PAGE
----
S. Enteritidis is unlikely to be eliminated from poultry by relying solely on the test-and-slaughter method of disease control because, unlike S. Gallinarum, S. Enteritidis can be reintroduced into flocks from its rodent reservoir. Instead, vaccination would be effective in excluding S. Enteritidis from domestic fowl because it would eliminate one of the risk factors (loss of flock immunity against the O9-antigen), which likely contributed to the emergence of S. Enteritidis as a foodborne pathogen. In fact, much of the decline in human S. Enteritidis cases in England and Wales since 1994 has been attributed to the use of an S. Enteritidis vaccine in poultry (16). However, serologic evidence that S. Gallinarum is more immunogenic than S. Enteritidis suggests that a more effective approach for eliciting protection in chickens would be immunization with a live attenuated S. Gallinarum vaccine. This approach would restore the natural balance (exclusion of S. Enteritidis by a natural competitor) that existed before human intervention strategies were implemented early in the 20th century.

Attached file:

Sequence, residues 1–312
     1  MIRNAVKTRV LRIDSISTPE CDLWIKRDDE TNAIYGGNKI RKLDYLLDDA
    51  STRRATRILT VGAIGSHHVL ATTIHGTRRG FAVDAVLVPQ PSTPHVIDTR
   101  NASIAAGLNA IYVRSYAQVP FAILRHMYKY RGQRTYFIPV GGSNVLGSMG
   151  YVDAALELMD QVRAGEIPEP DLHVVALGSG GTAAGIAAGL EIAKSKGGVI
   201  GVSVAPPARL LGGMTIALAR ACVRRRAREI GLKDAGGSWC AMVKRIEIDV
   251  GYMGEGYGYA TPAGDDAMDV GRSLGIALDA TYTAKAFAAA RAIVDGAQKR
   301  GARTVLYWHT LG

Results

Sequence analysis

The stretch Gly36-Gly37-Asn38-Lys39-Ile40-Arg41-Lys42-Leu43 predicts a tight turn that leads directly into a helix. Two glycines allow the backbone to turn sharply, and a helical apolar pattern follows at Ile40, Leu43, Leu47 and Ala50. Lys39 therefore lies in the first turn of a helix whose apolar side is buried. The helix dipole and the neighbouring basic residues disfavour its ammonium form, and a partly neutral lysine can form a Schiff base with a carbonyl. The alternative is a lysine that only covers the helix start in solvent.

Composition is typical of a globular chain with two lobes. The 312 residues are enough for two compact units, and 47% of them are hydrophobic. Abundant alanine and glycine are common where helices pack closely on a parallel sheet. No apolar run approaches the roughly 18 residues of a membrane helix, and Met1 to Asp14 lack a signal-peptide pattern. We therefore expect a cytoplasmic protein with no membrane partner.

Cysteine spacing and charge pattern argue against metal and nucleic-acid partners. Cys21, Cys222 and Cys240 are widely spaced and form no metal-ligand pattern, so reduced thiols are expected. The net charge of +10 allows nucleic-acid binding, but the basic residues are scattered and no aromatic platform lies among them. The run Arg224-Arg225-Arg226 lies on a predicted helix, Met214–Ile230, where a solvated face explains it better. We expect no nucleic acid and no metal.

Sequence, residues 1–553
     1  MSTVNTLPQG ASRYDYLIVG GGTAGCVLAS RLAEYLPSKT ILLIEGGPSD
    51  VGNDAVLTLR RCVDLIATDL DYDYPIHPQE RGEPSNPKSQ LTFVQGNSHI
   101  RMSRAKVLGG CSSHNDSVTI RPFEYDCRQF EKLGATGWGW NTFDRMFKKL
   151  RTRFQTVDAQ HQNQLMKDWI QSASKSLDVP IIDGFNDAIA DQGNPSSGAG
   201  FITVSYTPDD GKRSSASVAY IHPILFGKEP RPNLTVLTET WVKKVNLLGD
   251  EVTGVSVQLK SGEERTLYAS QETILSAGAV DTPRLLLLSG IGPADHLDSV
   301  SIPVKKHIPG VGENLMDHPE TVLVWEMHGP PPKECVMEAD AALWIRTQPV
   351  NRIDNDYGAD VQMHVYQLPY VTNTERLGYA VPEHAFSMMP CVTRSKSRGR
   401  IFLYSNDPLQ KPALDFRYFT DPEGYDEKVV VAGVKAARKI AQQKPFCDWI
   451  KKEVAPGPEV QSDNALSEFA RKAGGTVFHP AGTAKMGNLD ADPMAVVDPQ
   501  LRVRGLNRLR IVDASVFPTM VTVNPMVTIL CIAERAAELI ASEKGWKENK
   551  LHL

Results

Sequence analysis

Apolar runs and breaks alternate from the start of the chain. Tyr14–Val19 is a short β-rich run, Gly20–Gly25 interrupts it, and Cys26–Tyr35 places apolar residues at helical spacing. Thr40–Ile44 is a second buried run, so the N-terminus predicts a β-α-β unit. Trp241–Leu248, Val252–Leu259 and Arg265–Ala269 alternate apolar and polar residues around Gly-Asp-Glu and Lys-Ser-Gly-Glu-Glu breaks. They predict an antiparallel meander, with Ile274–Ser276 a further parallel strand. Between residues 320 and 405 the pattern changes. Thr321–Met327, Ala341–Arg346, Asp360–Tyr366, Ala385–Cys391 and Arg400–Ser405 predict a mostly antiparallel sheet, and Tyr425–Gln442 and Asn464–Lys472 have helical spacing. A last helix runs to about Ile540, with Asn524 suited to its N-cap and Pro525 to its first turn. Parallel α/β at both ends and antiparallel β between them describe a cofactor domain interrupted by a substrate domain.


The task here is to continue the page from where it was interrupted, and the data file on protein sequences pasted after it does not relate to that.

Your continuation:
Dr. Rabsch is a microbiologist at the National Reference Centre for Salmonella and other enteric infections at the Robert Koch Institute in Wernigerode, Germany. His research involves typing Salmonella isolates for epidemiologic analysis.
We thank J. Bockemuehl, E. Vielitz, B. Koehler, S. Kautzsch, and H. Meyer for their help with data collection and L.G. Adams and S.M. Townsend for critical comments on the manuscript.
This material is based in part upon work supported by the Texas Advanced Research (Technology) Program under grant number 000089-0051-1999. Work in Dr. Baumler's laboratory is supported by Public Health Service grants AI40124 and AI44170.
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Table of Contents – Volume 6, Number 5—October 2000
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Andreas J. Bäumler, Department of Medical Microbiology and Immunology, Texas A&M University, 407 Reynolds Medical Building, College Station, TX 77843-1114; fax: (979) 845-3479